This summer I have realized a national phenomenon in a personal way. My family has always enjoyed sports. I played baseball, basketball and football growing up and loved it. At 10 years of age we would have a weekly baseball practice and a Saturday game. I looked forward to going to the ballpark every week. As I grew older the amount of games and practice naturally increased. I would go to basketball camp in the summer and baseball camp in the fall or winter.In High School the demands were even greater, so much so that I decided to commit to only playing football and baseball my sophomore year.
However, I have recently realized that there as been a colossal shift in the time and resource commitment required to play sports, be in band, act in a drama etc.Every week of this summer, except for TWO mandatory ‘rest’ weeks, my lil’ sister will be playing basketball somewhere in America. Yes, somewhere in America!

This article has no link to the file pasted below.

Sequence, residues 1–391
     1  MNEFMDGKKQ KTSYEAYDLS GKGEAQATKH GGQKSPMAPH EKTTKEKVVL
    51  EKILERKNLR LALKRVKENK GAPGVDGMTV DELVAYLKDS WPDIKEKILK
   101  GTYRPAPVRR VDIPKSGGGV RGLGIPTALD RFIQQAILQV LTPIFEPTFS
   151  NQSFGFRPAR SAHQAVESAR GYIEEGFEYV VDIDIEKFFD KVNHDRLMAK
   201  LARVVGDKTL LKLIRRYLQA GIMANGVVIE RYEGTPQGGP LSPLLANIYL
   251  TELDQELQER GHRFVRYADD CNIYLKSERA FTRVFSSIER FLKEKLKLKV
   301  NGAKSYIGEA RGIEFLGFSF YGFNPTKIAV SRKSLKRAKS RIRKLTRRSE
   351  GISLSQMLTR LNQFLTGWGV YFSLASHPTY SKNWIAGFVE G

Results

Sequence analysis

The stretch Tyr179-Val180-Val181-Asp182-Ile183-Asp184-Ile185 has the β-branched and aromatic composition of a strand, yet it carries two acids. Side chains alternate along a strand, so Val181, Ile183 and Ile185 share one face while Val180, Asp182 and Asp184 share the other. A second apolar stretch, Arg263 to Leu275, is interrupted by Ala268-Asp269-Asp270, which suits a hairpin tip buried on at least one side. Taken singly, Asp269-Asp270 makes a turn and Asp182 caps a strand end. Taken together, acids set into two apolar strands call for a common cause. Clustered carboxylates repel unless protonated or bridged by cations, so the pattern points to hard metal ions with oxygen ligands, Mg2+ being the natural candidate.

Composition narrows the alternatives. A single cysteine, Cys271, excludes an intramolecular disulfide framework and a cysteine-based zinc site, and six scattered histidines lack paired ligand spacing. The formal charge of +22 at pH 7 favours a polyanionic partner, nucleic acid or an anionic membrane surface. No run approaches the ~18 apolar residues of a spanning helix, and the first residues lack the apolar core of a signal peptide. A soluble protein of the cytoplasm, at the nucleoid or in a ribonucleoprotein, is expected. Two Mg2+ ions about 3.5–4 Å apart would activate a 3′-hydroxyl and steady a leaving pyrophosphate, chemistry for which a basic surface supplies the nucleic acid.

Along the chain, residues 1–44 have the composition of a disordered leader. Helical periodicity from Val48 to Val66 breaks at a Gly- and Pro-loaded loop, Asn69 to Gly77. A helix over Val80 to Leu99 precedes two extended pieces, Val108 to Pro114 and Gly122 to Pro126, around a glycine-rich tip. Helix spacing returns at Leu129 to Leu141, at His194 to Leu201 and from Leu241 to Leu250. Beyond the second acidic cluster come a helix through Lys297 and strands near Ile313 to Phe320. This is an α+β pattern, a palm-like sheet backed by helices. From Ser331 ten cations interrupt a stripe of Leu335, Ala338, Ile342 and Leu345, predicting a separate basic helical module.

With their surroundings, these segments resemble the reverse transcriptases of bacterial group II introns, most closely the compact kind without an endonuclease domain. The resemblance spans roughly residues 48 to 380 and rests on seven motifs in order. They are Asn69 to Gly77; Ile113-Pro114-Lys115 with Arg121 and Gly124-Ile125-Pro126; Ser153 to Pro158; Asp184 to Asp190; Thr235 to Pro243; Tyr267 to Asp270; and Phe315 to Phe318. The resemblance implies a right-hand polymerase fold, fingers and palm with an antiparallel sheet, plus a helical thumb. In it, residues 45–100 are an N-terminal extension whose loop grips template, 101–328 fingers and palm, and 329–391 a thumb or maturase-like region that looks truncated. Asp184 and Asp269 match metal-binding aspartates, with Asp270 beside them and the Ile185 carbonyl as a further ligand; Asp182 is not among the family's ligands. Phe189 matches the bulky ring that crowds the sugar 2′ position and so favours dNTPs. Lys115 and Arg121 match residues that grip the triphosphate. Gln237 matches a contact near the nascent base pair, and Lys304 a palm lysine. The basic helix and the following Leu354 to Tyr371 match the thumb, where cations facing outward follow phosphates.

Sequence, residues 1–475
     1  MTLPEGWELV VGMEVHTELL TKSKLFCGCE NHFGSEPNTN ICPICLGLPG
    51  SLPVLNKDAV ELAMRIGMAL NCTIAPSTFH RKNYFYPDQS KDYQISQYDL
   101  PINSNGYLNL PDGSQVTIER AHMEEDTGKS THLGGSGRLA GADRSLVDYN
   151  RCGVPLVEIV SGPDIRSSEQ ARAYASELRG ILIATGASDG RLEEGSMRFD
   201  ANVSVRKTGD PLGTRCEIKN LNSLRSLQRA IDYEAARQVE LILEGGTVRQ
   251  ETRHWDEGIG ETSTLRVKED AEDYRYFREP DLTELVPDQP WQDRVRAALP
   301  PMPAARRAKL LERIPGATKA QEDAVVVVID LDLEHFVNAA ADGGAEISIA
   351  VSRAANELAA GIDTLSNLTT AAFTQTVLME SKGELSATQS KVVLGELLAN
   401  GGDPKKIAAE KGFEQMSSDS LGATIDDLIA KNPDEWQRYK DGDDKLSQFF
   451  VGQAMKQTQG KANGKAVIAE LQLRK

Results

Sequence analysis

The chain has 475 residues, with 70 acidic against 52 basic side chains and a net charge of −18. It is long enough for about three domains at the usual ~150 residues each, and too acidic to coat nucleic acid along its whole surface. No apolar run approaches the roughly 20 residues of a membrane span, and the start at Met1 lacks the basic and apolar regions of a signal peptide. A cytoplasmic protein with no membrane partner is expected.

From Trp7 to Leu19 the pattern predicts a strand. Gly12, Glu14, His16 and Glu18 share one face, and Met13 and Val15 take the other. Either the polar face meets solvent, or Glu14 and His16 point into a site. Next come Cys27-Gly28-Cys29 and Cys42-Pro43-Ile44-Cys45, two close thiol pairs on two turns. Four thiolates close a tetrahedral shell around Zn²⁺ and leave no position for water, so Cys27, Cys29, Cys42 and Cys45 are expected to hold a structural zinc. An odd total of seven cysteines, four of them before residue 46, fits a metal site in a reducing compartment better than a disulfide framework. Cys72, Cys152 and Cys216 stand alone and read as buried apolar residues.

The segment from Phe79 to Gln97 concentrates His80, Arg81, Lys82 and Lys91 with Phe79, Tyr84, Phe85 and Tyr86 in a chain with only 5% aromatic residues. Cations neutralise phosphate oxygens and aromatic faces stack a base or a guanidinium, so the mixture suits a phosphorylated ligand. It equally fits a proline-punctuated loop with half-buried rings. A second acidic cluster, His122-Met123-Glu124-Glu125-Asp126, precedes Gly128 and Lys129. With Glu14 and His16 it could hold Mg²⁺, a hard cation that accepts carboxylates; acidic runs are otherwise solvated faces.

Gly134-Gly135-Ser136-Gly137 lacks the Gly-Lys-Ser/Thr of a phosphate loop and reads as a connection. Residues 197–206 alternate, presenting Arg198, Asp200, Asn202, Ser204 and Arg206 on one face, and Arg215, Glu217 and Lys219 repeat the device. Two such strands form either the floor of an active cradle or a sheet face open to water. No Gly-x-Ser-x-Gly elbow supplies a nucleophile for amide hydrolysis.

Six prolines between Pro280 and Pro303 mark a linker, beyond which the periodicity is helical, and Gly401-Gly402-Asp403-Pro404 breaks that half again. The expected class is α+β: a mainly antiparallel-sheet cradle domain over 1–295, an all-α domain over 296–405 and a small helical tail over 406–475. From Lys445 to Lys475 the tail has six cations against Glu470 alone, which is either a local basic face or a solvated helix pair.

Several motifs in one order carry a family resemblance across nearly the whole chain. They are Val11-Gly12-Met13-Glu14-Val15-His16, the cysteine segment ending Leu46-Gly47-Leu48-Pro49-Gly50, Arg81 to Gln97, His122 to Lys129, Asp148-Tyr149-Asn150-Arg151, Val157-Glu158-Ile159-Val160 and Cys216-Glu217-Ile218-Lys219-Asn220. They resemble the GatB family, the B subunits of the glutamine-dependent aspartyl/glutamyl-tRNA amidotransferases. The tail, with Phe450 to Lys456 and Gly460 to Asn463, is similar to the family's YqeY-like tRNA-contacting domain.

Today middle-school aged ‘children’ will play anywhere from 5 – 15 games of basketball per week.
She has played in Georgia, South Carolina, Tennessee, and Ohio that I know of. REMINDER: She is 13 years old. Is there any chance we have over-emphasized games and under emphasized life?
Most Youth Pastors like me struggle to get kids to go to church camp because we can’t schedule around the 100 sports/drama/band/music/art/etc. camps. A week of character teaching, friendship enriching, moral strengthening and disciple making just isn’t as important to Christian folk as it once was.
I’m tired of hearing people complain about today’s youth. When the average father spends less than 60 seconds talking with their children per day, what do you expect? We want our kids to shoot 100 free throws in the backyard, practice piano for 45 minutes and dance for 2 hours, (All good things, don’t get me wrong) but never spend five minutes with God as a family. Has your family had a devotional time together in the last 60 days? Has our desire for excellence been placed on insignificant things too much?
Today’s teen can navigate the Internet with a master degree level of skill, but do they even know how to open the map of life? Early in our math education we are taught proportions. I think we should examine our commitment proportions. How committed are we to the important things of life vs. the not so important things of life?
What say You???